RUGBY: A MIDLANDS STORY NOMINATED FOR A ROYAL TELEVISION SOCIETY AWARD


‘Rugby – A Midlands Story’ is a documentary film by Iconic Productions charting the heritage of the sport in the region that invented it. 

This captivating film which features rarely seen moving image archive from MACE and ITV Sport, has been nominated in the Best Factual Programme category for the 2016 Royal Television Society Midlands Awards.

The winners will be announced at the Gala Dinner and Awards Ceremony on 3rd November at the National Motorcycle Museum in Solihull.

For further information on the film or to arrange a screening, please follow the link below:

 www.iconictv.co.uk/rugby-a-midlands-story

rugby

The BFI Unveil A Captivating New Collection- Football On Film


The BFI have released a fascinating new collection on the BFI Player called Football on Film. 

The collection includes some of the earliest matches ever filmed, adverts, documentaries and newsreel all of which provide a historical insight into the evolution of the game.

Within the collection are a variety of films supplied by MACE including Day-Dream Believer, a short film from 1968 made by pupils at the City of Leicester Boys School in which a student dreams of playing for Leicester City Football Club.

You can also experience early football matches in the Midlands including Derby County vs Leicester in 1939 and Sheffield Wednesday v Hereford United from 1958.

Click here to start exploring the absorbing history of the beautiful game.

MACE SUPPLIES FOOTAGE FOR DOCUMENTARY FILM: RUGBY – A MIDLANDS STORY


‘Rugby – A Midlands Story’ is a short documentary film by Iconic Productions charting the heritage of the sport in the region that invented it. 

The film features a range of interviews with Moseley Rugby Club, Rugby School, Web Ellis Rugby Museum and official Rugby World Cup host venue Aston Villa FC along with rarely seen moving image archive from MACE and ITV Sport.

This fascinating film not only celebrates the history of rugby but also acts as a legacy document for rugby in the Midlands both in the present day and looking ahead at the future.

The film premiered at the official Rugby World Cup Fan Zone in Birmingham on the 26th September 2015 and was shown 5 times on a 100 sq/ft big screen viewed by over 7000 Rugby fans from around the world.

A shorter version of the film ‘Rugby – The Origins’ screened during the opening ceremony of the World Cup at the birthplace of the game. It is also currently screening 4 times a day to visiting school children at the ‘Rugby Village’.

If you would like to arrange a screening please contact Iconic Productions by following the link below:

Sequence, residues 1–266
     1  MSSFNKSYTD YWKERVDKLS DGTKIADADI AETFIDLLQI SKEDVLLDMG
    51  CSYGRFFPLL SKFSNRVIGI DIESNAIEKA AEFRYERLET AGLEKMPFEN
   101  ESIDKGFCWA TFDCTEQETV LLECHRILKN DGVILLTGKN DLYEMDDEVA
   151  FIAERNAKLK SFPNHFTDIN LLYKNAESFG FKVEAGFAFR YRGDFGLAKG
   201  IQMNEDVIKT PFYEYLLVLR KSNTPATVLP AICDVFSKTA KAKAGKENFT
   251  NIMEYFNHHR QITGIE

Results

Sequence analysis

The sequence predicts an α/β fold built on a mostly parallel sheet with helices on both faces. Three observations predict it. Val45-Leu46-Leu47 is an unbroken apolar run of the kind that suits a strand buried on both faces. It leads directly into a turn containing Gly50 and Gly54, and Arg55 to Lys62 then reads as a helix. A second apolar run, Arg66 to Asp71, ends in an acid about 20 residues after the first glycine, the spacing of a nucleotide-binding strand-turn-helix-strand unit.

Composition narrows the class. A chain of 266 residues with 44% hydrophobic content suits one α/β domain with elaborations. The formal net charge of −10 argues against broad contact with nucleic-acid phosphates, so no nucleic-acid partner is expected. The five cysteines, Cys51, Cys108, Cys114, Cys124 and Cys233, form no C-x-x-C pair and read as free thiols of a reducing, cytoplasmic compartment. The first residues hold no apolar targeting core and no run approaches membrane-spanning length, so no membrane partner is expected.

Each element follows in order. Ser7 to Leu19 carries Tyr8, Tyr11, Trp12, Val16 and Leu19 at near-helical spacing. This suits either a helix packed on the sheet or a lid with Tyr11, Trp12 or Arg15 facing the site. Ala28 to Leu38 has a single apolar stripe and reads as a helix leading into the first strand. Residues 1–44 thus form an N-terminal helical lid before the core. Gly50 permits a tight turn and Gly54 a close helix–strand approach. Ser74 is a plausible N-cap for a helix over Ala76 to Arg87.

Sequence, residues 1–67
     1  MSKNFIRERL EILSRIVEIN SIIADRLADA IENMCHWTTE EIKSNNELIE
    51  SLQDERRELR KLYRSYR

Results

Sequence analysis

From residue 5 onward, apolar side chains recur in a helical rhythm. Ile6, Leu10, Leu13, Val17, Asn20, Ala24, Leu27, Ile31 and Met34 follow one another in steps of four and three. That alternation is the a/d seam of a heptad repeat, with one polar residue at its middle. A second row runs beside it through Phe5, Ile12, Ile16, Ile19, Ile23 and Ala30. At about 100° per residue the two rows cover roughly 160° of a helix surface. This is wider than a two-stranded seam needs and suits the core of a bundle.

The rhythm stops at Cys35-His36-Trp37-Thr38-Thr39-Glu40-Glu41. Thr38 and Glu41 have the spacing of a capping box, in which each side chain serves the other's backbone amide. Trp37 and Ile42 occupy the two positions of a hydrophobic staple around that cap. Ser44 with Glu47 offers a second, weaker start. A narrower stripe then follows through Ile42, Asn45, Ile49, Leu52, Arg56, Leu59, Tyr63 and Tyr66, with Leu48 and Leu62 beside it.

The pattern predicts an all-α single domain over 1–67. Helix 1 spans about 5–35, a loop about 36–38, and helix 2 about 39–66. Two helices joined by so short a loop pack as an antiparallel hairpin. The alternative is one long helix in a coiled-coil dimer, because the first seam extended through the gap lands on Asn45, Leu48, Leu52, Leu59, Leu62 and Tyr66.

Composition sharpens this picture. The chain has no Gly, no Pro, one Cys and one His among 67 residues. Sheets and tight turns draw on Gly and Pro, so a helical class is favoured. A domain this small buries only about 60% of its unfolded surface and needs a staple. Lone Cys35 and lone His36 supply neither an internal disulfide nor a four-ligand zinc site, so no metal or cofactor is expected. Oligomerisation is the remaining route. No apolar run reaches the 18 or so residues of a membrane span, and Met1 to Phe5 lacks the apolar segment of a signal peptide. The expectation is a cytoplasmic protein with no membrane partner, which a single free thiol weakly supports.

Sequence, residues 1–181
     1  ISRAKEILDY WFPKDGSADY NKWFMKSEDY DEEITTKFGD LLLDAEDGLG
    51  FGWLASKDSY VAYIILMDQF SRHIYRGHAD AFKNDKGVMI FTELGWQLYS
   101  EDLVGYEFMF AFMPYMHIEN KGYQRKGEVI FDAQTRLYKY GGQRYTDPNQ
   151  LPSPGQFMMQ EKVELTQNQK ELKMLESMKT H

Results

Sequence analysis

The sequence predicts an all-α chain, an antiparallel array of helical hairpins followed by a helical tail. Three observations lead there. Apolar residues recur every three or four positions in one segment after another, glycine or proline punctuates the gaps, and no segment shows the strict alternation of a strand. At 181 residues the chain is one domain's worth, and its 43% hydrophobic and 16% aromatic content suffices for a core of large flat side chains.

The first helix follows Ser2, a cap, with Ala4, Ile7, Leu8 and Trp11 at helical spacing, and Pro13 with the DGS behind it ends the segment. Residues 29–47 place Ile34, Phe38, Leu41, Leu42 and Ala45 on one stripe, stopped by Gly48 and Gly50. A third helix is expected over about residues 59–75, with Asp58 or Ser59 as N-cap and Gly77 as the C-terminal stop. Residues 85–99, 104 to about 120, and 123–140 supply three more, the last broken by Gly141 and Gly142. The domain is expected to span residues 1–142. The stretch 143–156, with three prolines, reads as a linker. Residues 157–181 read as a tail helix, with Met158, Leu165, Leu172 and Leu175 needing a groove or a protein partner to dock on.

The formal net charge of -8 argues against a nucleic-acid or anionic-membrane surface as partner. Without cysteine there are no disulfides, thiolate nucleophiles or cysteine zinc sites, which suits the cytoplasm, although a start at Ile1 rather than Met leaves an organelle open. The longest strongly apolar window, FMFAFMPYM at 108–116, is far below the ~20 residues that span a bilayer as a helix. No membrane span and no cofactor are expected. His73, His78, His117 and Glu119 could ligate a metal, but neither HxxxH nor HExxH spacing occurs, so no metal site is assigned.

http://iconictv.co.uk/contact-us/

Filming Dracula in the 1960s and the JayRich group, Annesley


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David Amos, Project officer for the HLF funded Annesley Old Church project and a Full Circle supporter, has sent us this post:
We had a fantastic day on Monday (10th December 2012) when a small group of us met at the Acacia Centre in Annesley Woodhouse to view the archive footage of the spoof Dracula films done by the Jayrich Group in the early 1960’s.  vlcsnap-2012-12-12-13h38m41s222In attendance were Mrs and Eddie Newby (Dracula in the film, 86 years young!), Fred Hutchinson (member of the Kirkby Cine Club in the 1960’s), Trevor Lee (Local Film and Media Historian), Mick Pattison (Local film and media enthusiast) and David Amos (Project Officer for the Annesley Old Church Project). 
Eddie Newby was interviewed about the making of the two spoof Dracula films and then the footage from the two films was shown and filmed, with the group discussing various aspects of the making the films over 50 years ago.  Trevor Lee supplied research details of the Jayrich group and Fred Hutchinson brought a collection of vintage movie camera’s.
 
vlcsnap-2012-12-12-13h39m16s62MACE’s Full Circle project made digital copies of the cine films and now preserve the original at the MACE film archive. Plans are in the initial stages for using the footage from the original films in a new production as part of the Annesley Old Church Project (2011-2014).  The Annesley project is funded by the Heritage Lottery Fund and some of the original footage was filmed at Annesley Old Church when it was more intact than the present ruined remains. To find out about the Annesley Church project have a look at his link: http://www.ournottinghamshire.org.uk/page_id__406_path__0p31p33p167p.aspx
 
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Meet Mavis – a textile worker from Ilkeston’s A. Booth and Sons……